Argumentum ad Aurum: 'Follow the Money' Fallacy

By Alex Berezow, PhD — Sep 08, 2016
The "follow the money" argument is an intellectually lazy fallacy. However, if you really do think that money will change our minds, then write us a check.
Credit: Shutterstock

Glance through any sufficiently long comments section, and you will find that two things almost always happen: Somebody makes a reference to Hitler (Godwin's Law), and somebody accuses another of using a logical fallacy. The first is clearly ridiculous, but the second is troublesome because many popular writers also succumb to the same temptation.

As I wrote for RealClearScience, the problem with this approach is that not every disagreement is the result of a logical fallacy. Pretending otherwise leads to the socially subversive conclusion that, if only every person on Earth was completely logical, everybody would agree on everything. (It's subversive because it encourages people to believe that their opponents are illogical.) But that's just not true. Even if every person was perfectly rational, differences in values would still prevent unanimous agreement. That is one reason why I so strongly disagree with the ever-growing list of fallacies.

Having said that, I would now like to submit my own new fallacy*: argumentum ad aurum (argument to gold). But you're probably more familiar with it phrased as "follow the money."

This fallacious argument is thrown over and over again at scientists and journalists, in particular. Don't like a scientist's research? Follow the money! Don't like a journalist's opinion? Follow the money! For many, the only conceivable reason that a person dares to disagree is because he or she is being paid off by [Insert BIG ______ here]. In this bizarre worldview, there are only two types of people: truth-tellers and paid shills.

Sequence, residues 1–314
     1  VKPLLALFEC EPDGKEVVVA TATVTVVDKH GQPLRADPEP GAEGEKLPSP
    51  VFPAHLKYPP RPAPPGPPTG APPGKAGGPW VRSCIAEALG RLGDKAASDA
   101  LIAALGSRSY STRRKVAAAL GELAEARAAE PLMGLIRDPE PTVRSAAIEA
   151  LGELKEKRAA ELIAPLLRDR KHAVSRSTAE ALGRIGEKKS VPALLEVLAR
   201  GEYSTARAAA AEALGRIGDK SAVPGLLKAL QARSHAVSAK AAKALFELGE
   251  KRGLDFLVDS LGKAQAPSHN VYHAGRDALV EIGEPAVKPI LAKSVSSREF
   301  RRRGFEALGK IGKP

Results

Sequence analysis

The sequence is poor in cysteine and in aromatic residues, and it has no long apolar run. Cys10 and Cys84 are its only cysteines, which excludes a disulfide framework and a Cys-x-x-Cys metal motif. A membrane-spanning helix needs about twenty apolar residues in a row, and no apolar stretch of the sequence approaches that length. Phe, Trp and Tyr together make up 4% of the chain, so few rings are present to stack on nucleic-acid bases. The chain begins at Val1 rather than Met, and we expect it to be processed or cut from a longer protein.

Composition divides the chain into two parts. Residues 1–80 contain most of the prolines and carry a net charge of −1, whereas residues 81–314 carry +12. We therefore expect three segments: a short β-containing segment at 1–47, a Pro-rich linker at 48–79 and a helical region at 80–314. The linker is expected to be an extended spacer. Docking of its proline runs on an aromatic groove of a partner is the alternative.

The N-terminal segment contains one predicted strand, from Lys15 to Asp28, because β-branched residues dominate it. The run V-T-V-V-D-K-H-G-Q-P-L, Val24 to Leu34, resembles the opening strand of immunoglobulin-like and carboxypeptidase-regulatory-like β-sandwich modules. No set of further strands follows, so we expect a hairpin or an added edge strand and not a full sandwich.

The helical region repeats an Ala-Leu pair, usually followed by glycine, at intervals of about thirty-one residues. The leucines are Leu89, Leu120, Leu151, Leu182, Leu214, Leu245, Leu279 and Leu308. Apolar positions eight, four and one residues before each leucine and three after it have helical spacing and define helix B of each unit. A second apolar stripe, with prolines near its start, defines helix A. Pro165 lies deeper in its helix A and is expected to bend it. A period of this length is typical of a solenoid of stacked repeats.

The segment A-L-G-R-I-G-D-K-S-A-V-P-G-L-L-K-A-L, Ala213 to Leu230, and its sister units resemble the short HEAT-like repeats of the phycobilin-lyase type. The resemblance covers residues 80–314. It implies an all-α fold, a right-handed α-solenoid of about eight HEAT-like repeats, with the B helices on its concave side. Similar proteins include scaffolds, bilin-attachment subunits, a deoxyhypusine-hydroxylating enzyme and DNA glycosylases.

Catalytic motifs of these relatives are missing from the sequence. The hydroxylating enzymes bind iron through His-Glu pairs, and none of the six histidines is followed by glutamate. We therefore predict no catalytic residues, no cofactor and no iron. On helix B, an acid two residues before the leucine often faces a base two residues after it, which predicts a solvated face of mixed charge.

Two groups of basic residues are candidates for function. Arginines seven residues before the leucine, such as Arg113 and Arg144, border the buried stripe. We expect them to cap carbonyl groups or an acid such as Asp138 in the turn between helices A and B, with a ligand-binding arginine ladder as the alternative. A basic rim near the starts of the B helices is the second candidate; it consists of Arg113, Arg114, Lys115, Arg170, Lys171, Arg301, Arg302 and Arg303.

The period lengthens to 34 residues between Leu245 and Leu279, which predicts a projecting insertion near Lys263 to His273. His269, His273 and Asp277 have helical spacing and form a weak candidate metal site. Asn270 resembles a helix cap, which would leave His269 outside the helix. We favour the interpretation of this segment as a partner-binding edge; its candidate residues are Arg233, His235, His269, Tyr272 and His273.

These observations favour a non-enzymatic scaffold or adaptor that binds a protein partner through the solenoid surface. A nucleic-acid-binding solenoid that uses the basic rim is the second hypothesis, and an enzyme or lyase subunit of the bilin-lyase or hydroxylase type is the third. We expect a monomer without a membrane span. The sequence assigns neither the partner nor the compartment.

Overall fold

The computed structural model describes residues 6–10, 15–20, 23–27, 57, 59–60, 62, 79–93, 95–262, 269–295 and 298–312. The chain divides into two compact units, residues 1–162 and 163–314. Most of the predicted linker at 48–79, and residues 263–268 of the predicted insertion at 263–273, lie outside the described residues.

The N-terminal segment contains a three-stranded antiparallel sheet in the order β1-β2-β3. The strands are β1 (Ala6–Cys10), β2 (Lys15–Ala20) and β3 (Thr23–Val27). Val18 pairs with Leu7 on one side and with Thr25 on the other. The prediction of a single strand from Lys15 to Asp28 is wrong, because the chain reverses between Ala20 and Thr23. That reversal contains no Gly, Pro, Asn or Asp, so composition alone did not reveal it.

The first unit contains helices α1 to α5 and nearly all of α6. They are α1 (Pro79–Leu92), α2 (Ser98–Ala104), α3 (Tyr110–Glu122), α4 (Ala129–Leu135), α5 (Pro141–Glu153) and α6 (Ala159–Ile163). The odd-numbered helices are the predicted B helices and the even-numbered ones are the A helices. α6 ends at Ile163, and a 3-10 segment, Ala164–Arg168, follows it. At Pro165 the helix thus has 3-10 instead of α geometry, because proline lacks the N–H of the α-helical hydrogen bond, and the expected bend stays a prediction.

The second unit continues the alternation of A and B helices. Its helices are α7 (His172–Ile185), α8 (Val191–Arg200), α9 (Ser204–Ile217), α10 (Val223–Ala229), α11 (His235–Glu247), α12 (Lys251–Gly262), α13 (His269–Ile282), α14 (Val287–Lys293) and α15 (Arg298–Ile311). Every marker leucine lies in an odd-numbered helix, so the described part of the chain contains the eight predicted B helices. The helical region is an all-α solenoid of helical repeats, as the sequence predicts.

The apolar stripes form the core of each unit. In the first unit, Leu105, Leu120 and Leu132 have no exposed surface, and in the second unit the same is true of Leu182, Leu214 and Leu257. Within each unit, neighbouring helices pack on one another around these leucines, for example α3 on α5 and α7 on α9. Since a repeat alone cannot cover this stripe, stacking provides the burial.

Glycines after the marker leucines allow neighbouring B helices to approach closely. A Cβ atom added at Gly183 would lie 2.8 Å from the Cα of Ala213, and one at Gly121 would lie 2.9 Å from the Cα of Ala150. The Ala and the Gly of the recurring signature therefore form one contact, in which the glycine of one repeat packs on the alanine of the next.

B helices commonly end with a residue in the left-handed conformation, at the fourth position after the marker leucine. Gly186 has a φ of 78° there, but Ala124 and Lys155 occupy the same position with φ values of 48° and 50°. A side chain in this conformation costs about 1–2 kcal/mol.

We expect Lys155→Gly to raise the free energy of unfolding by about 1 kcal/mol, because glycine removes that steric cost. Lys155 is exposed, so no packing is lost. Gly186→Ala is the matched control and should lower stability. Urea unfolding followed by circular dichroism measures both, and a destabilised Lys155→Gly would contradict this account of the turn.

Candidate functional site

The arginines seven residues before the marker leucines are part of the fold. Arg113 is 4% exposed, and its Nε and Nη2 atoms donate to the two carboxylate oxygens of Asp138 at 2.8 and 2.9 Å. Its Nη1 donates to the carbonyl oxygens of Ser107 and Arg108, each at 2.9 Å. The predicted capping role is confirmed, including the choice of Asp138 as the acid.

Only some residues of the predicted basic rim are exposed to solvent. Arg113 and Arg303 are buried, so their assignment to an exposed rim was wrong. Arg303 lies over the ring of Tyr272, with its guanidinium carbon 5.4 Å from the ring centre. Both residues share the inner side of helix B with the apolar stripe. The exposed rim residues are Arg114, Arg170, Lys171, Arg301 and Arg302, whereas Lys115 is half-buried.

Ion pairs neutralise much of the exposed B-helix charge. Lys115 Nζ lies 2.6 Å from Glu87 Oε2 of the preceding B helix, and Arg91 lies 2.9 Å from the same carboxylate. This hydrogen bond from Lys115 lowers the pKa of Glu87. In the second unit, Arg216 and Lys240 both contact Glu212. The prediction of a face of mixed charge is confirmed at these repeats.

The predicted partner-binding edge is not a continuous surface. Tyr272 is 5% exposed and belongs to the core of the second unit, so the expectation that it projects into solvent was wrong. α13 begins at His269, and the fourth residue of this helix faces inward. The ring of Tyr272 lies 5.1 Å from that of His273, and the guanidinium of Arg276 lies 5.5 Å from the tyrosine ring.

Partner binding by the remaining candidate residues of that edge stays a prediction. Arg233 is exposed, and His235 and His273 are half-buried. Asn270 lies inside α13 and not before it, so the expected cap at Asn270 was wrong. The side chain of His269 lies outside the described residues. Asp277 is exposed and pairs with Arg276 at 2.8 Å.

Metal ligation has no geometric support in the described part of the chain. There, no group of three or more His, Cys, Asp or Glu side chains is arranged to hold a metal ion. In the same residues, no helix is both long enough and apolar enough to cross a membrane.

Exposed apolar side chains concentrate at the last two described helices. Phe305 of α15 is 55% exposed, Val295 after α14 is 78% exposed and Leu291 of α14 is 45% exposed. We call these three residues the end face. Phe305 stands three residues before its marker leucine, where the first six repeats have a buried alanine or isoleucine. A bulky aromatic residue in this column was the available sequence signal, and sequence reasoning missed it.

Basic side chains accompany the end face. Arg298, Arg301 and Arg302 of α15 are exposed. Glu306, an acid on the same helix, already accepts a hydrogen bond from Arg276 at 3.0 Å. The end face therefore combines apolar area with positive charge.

Shill card

This nonsense argument has been used against me more times than I can count, even though I was a poorly paid graduate student for six years, and then a modestly paid journalist for six years. (I wish I was a shill; I'd be making a lot more money than I am now! Monsanto, you're reading this, right?)

Why does the "follow the money" argument fail so miserably? There are three major reasons.

First, everybody has to get their money from somebody. Unless you're the Fed, you don't get to create your own cash. Starbucks employees get paid by Starbucks. Small business owners get paid by their customers. Newspapers and media outlets get paid by advertisers. Nonprofits get paid by donors and philanthropists. So, if one person is a shill because of his funding source, then literally every person on the planet is a shill. 

Second, as counterintuitive as this is going to sound, money usually doesn't change people's opinions. Political activists give money to candidates who share their beliefs. Philanthropists give money to charities who share their goals. And donors give their money to nonprofits who share their mission. Put simply, rich people and companies give their money to those who already agree with them.

As a fun experiment, ACSH President Hank Campbell was curious if our news coverage of soda changed in the years that we received donations from Coca-Cola. It did not.

Third, research suggests that people who are paid to support a particular cause are less persuasive. So, hiring "paid shills" would be a bad business decision.

I know many of you will remain skeptical, particularly of any organization that unapologetically supports the scientific consensus on vaccines, GMOs, biotechnology, chemistry, natural gas, and nuclear power. To those of you, I will echo the words of our late founder, Beth Whelan: "If you think money changes our minds, then write us a check."

*In reality, this isn't a new fallacy. Instead, it could qualify as a specialized type of ad hominem fallacy. 


Alex Berezow, PhD

Former Vice President of Scientific Communications

Dr. Alex Berezow is a PhD microbiologist, science writer, and public speaker who specializes in the debunking of junk science for the American Council on Science and Health. He is also a member of the USA Today Board of Contributors and a featured speaker for The Insight Bureau. Formerly, he was the founding editor of RealClearScience.

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